I think the stress is getting to all of us. Angie had a school play last week where she was the prop master. Several of the stage hands did not show up and she ended up doing more work than she should have. Of course this didn't help her back at all. She missed school on Friday (luckily all her finals were completed) and had a massage therapy session to ease the pain. We have one more massage session scheduled for Friday to try and make her relaxed over the weekend.

Angie has been having some problems sleeping recently. I'm not sure if she will admit it but I think the thought of the pending surgery is weighing heavily on her mind. I know that it's affecting my sleep and ability to focus at work. We're doing everything we can to help her through these remaining days.

Recently I've had to play the bad guy and get on her case about her general health. It's been a bit cold and rainy recently, which is the type of weather Angie loves. I keep having to remind her to stay dry and warm so she doesn't get a cold or congestion. Even something as simple as a cold could delay her surgery, and we don't want that.

Pre-op visits at the hospital

Today we had three appointments at the hospital to get ready for the surgery in just over two weeks. We met with the anesthesia department, had some x-rays taken, and then met with the surgeon. Here are some highlights:

  • The surgery will last about 5 hours
  • The rods will not go all the way down to her lumbar so she will have better mobility
  • The procedure is expected to correct about 60-70% of the curvature
  • She will be in the hospital for about 4-5 days
  • No additional surgeries are expected, unless something happens like an infection
  • She will most likely not require a back brace. The doctor has only had one patient in 7 years need one
  • The doctor said she can try playing soccer again after about 3 months

All in all I am pretty optimistic about her recovery. I'm hoping she is too.

Another massage today

The massage today seemed to work better for Angie. After missing another day of school today, I took her to the massage therapy appointment as scheduled. She was in a lot of pain today. The massage was so relaxing that she fell asleep on the table. Of course I was waiting in the lobby the entire time enjoying my own massage in one of their massage chairs. I'm pretty sure she got a better massage though.

We set up the next massage for Friday evening after a few appointments at the hospital for some pre-op visits. After the stress of dealing with several appointments, I have a feeling Angie will nap on the massage table again.

Massage therapy begins

Today was the first session for a massage to ease Angie's back pain. So far the therapy has been helping and we plan on going back about twice a week until the surgery. This should help her through the day at school and let her sleep better.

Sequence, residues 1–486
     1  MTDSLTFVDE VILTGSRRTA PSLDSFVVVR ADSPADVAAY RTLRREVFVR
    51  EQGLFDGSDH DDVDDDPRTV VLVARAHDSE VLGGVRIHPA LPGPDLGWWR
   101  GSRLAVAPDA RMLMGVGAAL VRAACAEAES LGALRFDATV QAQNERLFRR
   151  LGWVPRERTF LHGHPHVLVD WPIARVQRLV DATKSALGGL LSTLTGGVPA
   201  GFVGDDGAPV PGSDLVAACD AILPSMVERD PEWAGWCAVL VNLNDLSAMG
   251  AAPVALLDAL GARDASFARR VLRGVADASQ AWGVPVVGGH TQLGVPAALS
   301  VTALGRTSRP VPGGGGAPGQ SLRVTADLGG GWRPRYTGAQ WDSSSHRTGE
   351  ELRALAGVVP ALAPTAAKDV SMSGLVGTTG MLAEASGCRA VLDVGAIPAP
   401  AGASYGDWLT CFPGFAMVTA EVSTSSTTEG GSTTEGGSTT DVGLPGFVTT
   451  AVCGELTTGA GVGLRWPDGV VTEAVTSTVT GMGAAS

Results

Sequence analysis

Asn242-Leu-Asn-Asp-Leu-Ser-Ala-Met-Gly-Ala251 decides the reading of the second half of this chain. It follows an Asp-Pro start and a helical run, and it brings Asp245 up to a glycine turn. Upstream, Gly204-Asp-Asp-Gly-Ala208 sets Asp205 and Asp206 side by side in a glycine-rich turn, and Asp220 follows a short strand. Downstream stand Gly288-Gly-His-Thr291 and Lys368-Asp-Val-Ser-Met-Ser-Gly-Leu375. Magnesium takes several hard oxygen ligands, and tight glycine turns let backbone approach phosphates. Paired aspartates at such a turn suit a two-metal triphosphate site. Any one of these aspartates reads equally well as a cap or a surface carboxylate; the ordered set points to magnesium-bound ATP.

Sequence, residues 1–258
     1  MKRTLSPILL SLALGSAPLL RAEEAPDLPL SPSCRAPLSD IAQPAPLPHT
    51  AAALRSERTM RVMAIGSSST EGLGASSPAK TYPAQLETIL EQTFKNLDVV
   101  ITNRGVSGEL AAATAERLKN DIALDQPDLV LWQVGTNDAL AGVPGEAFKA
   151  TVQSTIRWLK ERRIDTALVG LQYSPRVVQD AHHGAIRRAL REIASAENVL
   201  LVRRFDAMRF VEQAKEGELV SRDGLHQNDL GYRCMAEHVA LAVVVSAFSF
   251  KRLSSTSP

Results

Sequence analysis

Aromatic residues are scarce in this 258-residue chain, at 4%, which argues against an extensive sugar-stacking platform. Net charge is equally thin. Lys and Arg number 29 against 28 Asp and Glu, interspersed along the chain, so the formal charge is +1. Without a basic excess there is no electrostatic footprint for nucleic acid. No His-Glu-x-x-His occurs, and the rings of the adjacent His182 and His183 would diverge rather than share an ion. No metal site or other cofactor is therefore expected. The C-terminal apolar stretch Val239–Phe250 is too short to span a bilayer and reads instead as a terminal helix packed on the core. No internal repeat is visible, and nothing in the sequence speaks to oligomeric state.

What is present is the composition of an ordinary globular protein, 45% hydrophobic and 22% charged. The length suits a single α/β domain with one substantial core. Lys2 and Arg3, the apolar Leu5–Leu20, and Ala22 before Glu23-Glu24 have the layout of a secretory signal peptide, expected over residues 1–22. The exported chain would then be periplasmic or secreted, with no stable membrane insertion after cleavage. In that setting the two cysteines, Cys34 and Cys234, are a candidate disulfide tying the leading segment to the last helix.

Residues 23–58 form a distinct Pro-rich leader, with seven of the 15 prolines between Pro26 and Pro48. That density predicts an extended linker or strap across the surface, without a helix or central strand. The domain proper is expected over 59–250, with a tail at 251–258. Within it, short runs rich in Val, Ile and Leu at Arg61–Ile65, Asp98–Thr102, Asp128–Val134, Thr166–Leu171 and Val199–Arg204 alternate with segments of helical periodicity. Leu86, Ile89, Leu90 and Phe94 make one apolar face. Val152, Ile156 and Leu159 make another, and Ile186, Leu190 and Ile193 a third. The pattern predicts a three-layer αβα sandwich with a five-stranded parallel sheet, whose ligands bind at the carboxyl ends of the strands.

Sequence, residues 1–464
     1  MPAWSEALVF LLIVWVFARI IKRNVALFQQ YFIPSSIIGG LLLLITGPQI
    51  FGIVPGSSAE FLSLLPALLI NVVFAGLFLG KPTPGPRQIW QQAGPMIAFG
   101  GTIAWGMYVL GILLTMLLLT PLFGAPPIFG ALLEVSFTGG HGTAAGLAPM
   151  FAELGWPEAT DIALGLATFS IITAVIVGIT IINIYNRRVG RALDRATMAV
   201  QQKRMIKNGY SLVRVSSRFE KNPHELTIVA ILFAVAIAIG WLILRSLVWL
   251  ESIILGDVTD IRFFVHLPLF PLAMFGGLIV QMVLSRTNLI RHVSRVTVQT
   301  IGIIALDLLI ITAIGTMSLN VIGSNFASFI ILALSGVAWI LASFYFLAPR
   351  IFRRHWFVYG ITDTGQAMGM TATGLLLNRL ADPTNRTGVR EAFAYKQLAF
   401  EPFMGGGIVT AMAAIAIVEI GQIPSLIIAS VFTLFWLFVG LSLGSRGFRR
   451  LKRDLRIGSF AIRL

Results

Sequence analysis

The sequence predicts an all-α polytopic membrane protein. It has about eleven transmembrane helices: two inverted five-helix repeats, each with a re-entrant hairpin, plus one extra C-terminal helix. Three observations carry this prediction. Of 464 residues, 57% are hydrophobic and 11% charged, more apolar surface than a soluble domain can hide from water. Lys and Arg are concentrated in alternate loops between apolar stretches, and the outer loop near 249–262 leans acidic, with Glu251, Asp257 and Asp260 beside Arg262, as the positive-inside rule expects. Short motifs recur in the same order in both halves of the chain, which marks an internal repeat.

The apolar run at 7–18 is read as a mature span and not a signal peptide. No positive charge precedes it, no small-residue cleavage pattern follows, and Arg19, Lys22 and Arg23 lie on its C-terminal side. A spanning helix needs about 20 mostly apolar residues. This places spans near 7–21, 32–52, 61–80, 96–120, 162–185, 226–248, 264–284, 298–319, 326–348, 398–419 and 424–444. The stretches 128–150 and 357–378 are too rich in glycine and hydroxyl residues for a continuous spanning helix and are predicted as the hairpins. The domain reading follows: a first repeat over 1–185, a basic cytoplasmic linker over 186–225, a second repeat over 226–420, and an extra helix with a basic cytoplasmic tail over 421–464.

The therapist used a light touch this time to try and get an understanding of what Angie needs. The next session should have some more pressure and get deeper into her muscles.

The second pre-op physical therapy

Even with getting out of school early today for this appointment, Angie still needed to leave earlier than planned. Her back pain was too severe for her to concentrate.

I'm sitting in the waiting room now while she does her therapy. Hopefully they'll figure out some exercises to ease the pain.

On a side note, I sent out the first batch of requests for get well messages to friends and family today. I also sent an email to Midnight Red to see if they can add more to the gallery. I hope people read the email and submit items :)

The first pre-op physical therapy

The first PT appointment was a success. She learned some basic exercises to help strengthen her core muscles. This should help her a little with the current back pain and get her stronger for a faster recovery from surgery. Now the trick is to get her to do these exercises on a regular basis.

Today we also learned that Angie has inherited the family blood clotting disorder Factor V Leiden. So what does this mean for her surgery? She will have to be on blood thinners and monitored closely for blood clots since this disorder makes her about 8 times more likely to develop a clot. She'll probably have to be on blood thinners for a while after surgery as well, but this should not be long term treatment. We'll find out more about how we're going to address this when the surgery gets closer.